Does "müssen" have a meaning as strong as "must" in English? The translation gives both "must" and "need to" as options. Is one of them better than the other, or are they equally good translation depending on context?
Why is the word "leave" not be acceptable for gehen. As in "Wir mussen jetzt gehen"? (We must leave now)
In this context, it's okay. But you can't always translate gehen as to leave, it just means to go or to walk.
I don't get it either. I had the question, "Sie müssen nicht sofort gehen." and it accepted 'You do not have to leave right away'. So why it doesn't accept leave in this sentence is beyond me. I reported it that it should be accepted.
"Leave " appeared in the translation Duo gave to me and at the top of this discussion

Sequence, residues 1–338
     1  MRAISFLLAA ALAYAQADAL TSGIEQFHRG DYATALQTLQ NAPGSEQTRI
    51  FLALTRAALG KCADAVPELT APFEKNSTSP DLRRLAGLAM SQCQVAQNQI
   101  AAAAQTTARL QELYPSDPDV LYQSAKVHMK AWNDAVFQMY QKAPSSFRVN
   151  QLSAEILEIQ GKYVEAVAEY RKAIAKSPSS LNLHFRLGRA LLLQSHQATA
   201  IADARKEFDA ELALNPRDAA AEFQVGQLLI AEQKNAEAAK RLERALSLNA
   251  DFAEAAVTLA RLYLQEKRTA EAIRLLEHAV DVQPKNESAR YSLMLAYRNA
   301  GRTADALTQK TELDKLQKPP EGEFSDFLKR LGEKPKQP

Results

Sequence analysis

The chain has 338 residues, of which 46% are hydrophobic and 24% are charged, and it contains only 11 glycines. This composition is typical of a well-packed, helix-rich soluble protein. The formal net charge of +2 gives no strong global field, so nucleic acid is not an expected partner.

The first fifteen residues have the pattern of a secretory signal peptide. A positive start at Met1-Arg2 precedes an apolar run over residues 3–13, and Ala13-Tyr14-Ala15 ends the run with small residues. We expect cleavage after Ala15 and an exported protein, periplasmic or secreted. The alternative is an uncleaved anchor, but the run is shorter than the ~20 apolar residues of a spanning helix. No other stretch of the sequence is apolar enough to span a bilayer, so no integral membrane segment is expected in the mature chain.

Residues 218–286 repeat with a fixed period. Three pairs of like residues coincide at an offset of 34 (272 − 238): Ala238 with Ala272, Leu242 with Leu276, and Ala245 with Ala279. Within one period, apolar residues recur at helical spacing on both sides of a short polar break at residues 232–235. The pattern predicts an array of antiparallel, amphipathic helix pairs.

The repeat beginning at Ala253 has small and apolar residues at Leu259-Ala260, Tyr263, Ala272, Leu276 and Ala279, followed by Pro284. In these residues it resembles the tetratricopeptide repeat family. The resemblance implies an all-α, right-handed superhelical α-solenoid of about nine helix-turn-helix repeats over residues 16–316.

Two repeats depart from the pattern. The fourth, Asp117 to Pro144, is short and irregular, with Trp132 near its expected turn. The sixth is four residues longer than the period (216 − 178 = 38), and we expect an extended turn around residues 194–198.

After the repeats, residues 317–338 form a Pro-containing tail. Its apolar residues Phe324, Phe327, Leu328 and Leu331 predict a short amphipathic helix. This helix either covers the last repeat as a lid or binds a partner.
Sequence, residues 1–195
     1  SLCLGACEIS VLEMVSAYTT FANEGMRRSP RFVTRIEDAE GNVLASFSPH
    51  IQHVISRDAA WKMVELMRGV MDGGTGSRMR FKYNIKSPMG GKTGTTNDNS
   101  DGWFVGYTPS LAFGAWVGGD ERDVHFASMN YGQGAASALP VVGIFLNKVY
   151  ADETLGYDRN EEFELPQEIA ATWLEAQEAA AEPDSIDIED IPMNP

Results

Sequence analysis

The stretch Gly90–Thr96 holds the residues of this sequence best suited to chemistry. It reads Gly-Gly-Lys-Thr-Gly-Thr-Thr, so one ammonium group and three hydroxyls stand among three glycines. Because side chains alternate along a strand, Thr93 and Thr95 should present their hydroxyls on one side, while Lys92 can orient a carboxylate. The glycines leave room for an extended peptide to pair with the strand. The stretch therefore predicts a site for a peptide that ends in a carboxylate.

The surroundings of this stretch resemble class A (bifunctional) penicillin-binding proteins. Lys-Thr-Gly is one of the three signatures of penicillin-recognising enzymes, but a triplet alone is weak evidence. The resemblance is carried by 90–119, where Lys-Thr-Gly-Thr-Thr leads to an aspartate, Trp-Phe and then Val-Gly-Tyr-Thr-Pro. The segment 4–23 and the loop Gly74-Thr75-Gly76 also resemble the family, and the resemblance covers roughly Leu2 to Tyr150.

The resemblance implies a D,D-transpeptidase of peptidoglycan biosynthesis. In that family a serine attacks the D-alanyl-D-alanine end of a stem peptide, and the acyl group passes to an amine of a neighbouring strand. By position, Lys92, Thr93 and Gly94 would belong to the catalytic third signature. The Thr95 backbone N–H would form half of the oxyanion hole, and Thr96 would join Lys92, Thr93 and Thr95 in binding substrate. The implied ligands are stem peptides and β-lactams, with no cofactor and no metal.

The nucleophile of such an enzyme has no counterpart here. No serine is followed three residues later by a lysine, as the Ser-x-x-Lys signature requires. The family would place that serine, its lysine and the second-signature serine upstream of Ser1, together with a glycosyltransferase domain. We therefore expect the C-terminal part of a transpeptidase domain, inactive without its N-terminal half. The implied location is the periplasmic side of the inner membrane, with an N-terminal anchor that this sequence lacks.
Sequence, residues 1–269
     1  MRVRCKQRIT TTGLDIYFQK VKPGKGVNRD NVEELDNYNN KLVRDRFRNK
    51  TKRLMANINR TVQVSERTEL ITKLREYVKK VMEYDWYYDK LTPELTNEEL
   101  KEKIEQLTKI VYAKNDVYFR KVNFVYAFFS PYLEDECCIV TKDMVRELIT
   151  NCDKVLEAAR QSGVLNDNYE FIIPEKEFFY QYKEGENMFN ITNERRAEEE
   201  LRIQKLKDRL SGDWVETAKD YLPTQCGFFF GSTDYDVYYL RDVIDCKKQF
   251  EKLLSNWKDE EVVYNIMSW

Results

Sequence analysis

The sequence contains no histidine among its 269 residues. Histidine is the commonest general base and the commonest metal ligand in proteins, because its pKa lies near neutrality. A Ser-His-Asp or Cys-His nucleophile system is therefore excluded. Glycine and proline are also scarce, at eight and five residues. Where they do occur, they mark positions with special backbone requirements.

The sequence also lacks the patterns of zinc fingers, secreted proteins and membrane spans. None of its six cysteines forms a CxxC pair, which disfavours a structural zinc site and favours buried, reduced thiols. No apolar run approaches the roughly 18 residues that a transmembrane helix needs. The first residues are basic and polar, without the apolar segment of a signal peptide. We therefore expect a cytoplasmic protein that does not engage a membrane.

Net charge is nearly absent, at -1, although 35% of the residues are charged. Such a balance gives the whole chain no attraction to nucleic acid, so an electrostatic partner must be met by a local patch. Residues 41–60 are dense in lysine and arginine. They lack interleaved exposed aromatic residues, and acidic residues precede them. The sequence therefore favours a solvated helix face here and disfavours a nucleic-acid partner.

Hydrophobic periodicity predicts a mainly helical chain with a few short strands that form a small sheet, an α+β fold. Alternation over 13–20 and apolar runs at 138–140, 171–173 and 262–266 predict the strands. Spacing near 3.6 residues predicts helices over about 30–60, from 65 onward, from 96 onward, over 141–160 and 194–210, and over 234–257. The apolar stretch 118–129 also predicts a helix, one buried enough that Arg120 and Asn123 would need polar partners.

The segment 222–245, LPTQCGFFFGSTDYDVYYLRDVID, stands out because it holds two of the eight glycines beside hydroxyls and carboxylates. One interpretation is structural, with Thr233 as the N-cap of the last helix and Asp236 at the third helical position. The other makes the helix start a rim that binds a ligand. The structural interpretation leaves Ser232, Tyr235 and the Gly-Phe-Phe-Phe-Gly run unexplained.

Yes, thank you. My keyboard just didn't have that key. Thank you for clarifying!
You don't need a special keyboard; you may just add German keybord in your language panel and it would be "-" responsible for ß. There are also "[" for ü, ";" for ö and "'" for ä.
Can anyone tell me why "We should go now" wasnt accepted? I'd like to report it.
"should" = "sollten" isn't as strong as "have to" = "müssen". The fist one is an advice that leaves the option of ignoring it, the latter is more urgent.